Tower of Babel (Rotterdam) by Pieter Bruegel. Via Wikimedia Commons. Public Domain.

Why We Talk Past Each Other at Work: The 7 Decision Languages

E. Forrest Christian Overachievers Leave a Comment

I recently sat through a meeting where the discussants, all intelligent people who care deeply about the work under discussion, argued deeply and long without much actually happening. You’ve been in these, too, and you’ve also been frustrated by how people don’t understand when you start talking about what we need to do.

But I now don’t have to live in that frustration because of something I learned from working with Warren Kinston, the polymath biotech entreprenuer, organizational consultant, systems expert, and psychiatrist. People talk past each other about work because they are have fundamentally different modes of decision-making. People simply talk about action differently.

Jimmy Algie did some of the groundwork, which he and Warren then deveoloped further into 7 different modes of decision making. Each one thinks that its way of getting to action is the best. It may accept a couple of the others, but everyone I’ve ever met thinks that at least a couple of the others are complete fools wasting everyone’s time.

You can reduce that a good deal by learning each of the seven.

You can even learn to apply, with effort, a more appropriate decision making approach when the circumstances demand it.

But one or two will always feel like your hometown:comfortable and snug, where everybody uses the right accent and aphorisms.

The following describes each of the 7 in brief. A fuller explanation of them is available in Kinston’s Strengthening the Management Culture (freely available on THEE-Online or by search)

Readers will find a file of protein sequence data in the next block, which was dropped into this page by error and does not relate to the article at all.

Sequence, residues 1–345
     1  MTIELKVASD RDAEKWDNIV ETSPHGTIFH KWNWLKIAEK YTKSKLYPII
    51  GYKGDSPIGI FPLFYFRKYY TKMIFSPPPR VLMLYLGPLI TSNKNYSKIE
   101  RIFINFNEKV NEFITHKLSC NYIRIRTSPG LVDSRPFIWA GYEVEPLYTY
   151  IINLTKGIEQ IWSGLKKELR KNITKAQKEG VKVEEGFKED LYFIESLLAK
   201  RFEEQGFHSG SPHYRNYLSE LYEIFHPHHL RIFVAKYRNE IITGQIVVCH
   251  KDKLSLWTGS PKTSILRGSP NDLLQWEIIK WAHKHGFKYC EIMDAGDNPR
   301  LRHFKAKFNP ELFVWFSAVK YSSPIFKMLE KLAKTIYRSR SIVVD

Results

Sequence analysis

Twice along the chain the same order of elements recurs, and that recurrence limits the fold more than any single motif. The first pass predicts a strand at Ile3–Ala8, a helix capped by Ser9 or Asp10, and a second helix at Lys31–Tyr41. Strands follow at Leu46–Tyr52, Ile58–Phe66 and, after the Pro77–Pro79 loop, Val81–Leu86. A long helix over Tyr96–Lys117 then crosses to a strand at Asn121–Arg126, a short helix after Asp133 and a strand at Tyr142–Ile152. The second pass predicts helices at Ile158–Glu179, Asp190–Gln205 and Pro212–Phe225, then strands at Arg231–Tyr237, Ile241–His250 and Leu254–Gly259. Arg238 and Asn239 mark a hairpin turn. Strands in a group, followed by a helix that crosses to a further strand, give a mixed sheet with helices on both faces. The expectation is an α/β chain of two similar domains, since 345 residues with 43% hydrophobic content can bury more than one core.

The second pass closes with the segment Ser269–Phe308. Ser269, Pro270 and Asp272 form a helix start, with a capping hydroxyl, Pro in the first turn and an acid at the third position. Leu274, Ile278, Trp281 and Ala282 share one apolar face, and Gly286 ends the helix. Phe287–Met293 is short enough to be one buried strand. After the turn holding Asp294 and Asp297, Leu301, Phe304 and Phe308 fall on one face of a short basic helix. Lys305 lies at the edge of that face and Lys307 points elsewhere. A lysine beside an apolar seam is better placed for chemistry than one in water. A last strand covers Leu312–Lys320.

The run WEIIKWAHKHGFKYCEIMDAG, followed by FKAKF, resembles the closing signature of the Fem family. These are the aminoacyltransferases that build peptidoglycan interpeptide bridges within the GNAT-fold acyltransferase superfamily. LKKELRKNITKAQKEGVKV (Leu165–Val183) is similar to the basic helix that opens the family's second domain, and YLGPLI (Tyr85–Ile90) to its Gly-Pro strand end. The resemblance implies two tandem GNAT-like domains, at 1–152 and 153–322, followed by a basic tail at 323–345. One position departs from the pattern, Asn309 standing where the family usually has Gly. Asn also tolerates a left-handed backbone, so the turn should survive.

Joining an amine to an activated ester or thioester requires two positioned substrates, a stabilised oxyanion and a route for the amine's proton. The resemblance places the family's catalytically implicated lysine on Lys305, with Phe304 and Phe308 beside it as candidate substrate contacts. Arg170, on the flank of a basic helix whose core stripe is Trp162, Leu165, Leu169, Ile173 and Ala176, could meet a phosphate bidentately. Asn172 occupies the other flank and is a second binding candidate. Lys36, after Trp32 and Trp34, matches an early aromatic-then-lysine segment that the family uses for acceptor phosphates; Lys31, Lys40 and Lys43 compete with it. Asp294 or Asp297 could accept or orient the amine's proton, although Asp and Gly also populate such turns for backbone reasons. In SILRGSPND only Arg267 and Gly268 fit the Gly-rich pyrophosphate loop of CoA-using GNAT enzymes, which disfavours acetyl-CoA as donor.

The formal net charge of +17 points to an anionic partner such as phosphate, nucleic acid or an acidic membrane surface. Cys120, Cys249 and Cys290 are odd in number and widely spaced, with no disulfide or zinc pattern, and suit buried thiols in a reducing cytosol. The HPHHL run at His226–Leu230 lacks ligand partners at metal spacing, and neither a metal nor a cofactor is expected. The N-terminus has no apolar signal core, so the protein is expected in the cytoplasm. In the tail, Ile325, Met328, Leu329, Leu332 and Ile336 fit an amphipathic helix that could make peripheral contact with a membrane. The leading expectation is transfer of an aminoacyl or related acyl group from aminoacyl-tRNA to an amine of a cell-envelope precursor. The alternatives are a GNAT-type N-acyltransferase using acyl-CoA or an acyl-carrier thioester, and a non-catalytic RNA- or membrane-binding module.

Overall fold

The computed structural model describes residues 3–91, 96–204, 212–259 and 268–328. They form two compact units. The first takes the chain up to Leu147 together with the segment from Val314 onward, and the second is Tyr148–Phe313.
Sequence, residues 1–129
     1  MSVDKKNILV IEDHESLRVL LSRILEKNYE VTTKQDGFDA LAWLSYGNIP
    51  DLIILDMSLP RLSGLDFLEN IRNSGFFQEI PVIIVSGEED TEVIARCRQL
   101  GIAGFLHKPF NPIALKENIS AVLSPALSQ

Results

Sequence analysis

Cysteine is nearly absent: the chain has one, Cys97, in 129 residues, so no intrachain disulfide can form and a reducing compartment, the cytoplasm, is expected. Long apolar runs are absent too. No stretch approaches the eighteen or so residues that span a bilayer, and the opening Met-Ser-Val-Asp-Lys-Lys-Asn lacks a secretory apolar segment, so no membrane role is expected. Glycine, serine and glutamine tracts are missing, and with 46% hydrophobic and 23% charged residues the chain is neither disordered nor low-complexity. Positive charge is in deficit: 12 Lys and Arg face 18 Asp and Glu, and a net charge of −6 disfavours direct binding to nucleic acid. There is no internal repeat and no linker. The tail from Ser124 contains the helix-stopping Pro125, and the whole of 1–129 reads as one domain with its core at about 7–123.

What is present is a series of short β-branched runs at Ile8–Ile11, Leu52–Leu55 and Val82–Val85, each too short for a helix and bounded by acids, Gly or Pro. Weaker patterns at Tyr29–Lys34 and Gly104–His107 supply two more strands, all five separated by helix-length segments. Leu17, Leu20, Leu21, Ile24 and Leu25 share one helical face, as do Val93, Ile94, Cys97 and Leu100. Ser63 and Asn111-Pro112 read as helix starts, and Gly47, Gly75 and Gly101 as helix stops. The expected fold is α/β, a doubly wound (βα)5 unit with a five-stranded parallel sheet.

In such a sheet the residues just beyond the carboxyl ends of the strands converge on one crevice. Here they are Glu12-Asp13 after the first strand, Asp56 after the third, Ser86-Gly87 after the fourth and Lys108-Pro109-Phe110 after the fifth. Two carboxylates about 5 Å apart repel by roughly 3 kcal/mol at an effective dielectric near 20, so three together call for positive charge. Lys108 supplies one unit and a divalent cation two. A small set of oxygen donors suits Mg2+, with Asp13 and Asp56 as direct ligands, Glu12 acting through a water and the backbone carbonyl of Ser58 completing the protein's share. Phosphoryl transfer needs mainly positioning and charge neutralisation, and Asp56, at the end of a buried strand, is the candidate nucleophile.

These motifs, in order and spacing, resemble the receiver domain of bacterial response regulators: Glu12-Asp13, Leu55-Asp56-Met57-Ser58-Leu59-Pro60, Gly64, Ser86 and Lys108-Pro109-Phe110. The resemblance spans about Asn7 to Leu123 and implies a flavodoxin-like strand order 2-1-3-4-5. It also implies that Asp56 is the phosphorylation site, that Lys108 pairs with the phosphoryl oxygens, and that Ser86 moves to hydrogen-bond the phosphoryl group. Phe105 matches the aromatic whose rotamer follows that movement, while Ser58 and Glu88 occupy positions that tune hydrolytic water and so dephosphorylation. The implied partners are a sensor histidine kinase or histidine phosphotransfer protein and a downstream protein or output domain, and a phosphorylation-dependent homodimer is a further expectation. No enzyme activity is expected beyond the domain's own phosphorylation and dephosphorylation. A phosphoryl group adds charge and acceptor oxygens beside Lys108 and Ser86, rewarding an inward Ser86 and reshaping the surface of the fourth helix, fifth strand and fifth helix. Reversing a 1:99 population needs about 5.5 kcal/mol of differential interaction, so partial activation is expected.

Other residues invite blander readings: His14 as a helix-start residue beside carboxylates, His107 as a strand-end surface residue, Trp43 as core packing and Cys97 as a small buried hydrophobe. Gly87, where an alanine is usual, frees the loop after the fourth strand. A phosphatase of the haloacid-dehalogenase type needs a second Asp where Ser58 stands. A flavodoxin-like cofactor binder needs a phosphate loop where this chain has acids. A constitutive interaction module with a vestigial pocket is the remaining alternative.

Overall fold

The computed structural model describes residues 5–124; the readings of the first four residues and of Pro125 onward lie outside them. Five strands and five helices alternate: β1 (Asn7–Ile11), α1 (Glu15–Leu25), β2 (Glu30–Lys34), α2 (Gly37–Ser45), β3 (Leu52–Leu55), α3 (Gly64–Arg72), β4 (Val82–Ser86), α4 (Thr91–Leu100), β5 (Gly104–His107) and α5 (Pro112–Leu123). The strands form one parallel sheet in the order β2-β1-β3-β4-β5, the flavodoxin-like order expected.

Pragmatic

Pragmatic decision-making style is dominated by “what will work right now?” These are your low-hanging fruit people. Eschewing complex solutions or even ones that involve thinking about what someone else wants, the pragmatic decision-maker trusts his gut.

Pragmatic decision styles are dominant in most entrepreneuers.

All successful managers who are accountable for meeting targets will have some form of Pragmatic decision making, even if it is not their dominant style.

My favorite example of Pragmatic decision-making style is Larry the Cable Guy: “Git-R-Done!”

Empiricist

The Empiricist focuses on knowledge. What’s important is to know what the problem is. You spend your time defining the problem, and from there move to building a solution. What are the relevant facts? the Empiricist decider asks. Empiricists know that you can know things. Facts speak for themselves: once you collect them, what you have to do will be obvious to anyone who isn’t an idiot.